Thursday, December 4, 2008

death/dying and the nursing student

Finally, a new post!!

I've had a lot of good things to write about, but I seem to be more prolific when I've got an axe to grind, sorrow to nurse or just general blahs hanging over my head.

I've got an axe to grind.

Every class has a know-it-all don't they? The perennial teacher's pet who will polish every apple, dislocate her shoulder raising her hand repeatedly and elucidates neckbreaking eyerolls when she threatens another anecdote. My cohort's know-it-all is about ten of these biznatches rolled into one grating package. Ordinarily, I ignore her save for my sarcastic comments under breath (because, hey, my powers of restraint are only so much). We actually used to be friends, but above know-it-allness (this is tiring; now known as KIA) combined with a deep need to cut others off at the knees with horrible rumormongering just left a bad taste in my mouth, so I separated from her with a clean break shortly before the term started. As exasperating as she is, there's really not much I can do about her. I try to ignore her when she speaks to me, but am civil when necessary. I don't like her in the least, but we can get along for the next year, right?

Not so much.

The scene: clinicals last week. I have a resident with Alzheimer's that I have worked extensively with. I really enjoy her and am currently working on a careplan about her. She's been under hospice care for close to 2 years now and from all appearances will most likely die soon. I've gotten attached to her, but used to work with hospice patients, and have learned how to deal with death in a way that I actually consider healthy while at the same time preserving my own self. Not to mention that as nurses, quality of life is important, no? How much quality of life can a person with Alzheimer's so severe have that they cannot communicate basic things like being in pain, hungry or just wanting to watch TV? If I think too hard about it, yes, it will make me horribly saddened. But, as people like me like to so enigmatically say, it is what it is.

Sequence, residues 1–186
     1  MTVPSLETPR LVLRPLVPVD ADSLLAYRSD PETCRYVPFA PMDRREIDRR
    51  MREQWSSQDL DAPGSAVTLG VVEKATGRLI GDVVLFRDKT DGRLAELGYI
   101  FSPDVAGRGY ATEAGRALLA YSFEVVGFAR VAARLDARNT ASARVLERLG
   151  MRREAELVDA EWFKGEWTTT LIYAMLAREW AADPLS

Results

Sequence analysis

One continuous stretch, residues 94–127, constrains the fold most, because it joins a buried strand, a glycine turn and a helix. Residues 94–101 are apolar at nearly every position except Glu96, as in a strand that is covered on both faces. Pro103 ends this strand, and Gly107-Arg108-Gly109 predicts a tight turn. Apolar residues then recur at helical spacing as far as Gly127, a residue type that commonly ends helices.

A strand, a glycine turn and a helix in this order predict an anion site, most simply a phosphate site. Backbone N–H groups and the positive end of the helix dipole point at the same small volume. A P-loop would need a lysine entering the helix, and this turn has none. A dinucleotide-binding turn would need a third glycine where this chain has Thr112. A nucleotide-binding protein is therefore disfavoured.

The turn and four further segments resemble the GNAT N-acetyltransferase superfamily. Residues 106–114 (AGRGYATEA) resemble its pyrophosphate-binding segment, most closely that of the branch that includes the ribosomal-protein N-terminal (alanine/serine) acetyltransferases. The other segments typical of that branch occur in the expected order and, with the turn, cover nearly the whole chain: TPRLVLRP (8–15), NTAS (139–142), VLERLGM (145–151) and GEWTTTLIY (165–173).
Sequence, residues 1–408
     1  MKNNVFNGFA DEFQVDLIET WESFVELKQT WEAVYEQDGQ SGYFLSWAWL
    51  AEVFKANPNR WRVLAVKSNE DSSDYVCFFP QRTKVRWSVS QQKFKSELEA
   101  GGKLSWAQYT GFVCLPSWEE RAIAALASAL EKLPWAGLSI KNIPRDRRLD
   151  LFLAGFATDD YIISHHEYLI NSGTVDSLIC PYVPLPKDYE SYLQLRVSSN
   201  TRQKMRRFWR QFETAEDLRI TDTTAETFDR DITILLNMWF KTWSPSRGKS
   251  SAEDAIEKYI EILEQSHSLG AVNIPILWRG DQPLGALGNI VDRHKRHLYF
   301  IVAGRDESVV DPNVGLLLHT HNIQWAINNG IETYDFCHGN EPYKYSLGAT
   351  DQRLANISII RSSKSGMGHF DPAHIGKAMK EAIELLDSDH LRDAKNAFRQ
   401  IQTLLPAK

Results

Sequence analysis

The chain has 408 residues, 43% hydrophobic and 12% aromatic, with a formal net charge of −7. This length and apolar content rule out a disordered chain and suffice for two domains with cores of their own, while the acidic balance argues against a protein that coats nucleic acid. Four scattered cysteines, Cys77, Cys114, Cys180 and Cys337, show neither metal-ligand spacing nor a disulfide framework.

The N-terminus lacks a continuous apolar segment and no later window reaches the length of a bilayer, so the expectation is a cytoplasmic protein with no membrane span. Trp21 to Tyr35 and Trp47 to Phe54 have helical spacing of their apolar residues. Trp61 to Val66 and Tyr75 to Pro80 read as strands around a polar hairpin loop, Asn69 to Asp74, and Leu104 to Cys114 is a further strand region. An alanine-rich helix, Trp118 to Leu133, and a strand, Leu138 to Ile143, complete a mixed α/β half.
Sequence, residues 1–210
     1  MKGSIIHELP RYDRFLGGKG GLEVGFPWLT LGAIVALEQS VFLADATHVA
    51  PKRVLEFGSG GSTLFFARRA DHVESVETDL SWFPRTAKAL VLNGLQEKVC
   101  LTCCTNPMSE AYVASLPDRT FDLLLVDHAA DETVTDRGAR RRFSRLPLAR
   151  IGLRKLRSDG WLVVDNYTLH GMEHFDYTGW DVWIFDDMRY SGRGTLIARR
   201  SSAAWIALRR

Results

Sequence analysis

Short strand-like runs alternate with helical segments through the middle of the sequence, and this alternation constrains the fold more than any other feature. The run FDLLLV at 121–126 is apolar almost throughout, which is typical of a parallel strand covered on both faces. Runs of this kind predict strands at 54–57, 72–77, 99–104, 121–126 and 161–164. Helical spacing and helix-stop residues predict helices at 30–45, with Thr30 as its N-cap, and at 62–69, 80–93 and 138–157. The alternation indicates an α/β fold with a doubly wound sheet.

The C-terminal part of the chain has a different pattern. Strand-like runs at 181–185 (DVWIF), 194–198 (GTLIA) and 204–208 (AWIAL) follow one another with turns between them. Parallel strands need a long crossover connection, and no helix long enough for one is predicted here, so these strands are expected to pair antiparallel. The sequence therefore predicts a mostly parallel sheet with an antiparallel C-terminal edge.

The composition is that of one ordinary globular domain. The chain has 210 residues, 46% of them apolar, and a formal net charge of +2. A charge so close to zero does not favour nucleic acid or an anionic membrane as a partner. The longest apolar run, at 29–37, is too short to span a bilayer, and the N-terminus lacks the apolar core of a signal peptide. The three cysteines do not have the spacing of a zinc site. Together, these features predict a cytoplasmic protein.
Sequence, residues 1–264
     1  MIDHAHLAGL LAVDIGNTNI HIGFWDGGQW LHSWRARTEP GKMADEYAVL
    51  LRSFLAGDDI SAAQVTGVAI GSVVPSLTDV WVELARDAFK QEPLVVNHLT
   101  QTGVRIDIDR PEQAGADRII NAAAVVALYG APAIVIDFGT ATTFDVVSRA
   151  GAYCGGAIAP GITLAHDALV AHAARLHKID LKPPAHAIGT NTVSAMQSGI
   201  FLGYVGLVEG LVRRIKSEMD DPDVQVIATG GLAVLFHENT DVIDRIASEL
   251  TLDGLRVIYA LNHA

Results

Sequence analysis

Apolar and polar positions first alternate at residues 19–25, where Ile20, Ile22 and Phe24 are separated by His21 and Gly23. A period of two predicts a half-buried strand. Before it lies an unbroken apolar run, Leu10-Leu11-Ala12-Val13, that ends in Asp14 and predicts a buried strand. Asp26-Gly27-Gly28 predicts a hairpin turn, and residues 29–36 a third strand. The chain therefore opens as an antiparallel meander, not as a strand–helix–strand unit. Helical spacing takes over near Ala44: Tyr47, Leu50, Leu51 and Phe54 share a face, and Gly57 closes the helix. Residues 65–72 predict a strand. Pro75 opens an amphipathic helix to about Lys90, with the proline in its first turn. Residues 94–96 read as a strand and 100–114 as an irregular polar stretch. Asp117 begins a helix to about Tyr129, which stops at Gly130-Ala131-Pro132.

Here is where Kia comes in. At our postconference in clinicals, she had the sweetness and light in her to say that I was cold and unfeeling toward my patient.

Let's pause, for a minute and think about that. I've spent a lot of hours with this patient, do any small interventions that I can. And to have someone tell me that I'm cold because I don't dissolve over the possibility that my patient's death is imminent? Oh hell nah.

We all handle this grief and heavy burden differently. Even though my stating that I dislike her is lightyears away from my actual disdain, I didn't crack a sarcastic joke as per my usual way when her patient that she'd only spent 1 hour with died suddenly between clinical days. I know she doesn't have much medical experience and it would hit her hard.

What is the point of this, you ask? I don't know. A little kvetching maybe. Or, to kind of set the record straight on death and how we each accept it in a different manner. There is no wrong way and it doesn't make someone cold and uncaring to understand the nature of life in a way different than your own.

We can have petty differences that we commonly snark one another about - this doesn't have to be a part of that.


undergrad RN said...

God, I love your writing. I wanted to high five you within the first 5 sentences. :)

As for the death thing, I have a fairly controversial POV. I just don't think death is the worst thing that can happen to someone. Sometimes I think it's the best thing, especially for my great-aunt who died of Alzheimers complications and at the end was completely helpless. I don't call that living, I call that shit purgatory. So I was (glad? relieved?) when she died because I knew her quality of life sucked ass.

Mind you I haven't been in a hospice situation or faced with death much in my life so I don't know how I'd react.

Anyway, my rambling point - I don't think it's callous at all to accept that someone's going to omg-die. Personally I think it's a weird perspective to think that living-no-matter-what is the only good thing for people.

I don't know if this comment made any sense. Summary: I hear ya :)

Somnambulant Student Nurse said...

*high five*!

And wow, thank you for the awesome compliment. My first degree is in English, so that makes me delighted. :)

And your comment not only made sense, but rang so true to me! You and I definitely have a similar approach to the whole death-dying part of nursing (and life, really). I realize that there are likely going to be times that I will be there for a patient as they die. While I'm not going to say I'm 100% comfortable with it yet, I'm more there than a lot of my classmates.

I'm totally with you on the point that where there is no quality of life, there is little to mourn. No one wants another human being to cease life as they know it. But, if they haven't really known or experienced living in awhile, there's a sense of bittersweet relief involved in assisting them peacefully to whatever they believe is waiting, be it eternity or nothing at all. And without my feelings coming into play.

I knew coming into my program that I would likely be unpopular at times like these - a stance I'm okay with because in the end, it's all about her and not my re-damn-diculous classmate's opinion.

She really is a megabitch though. ;)

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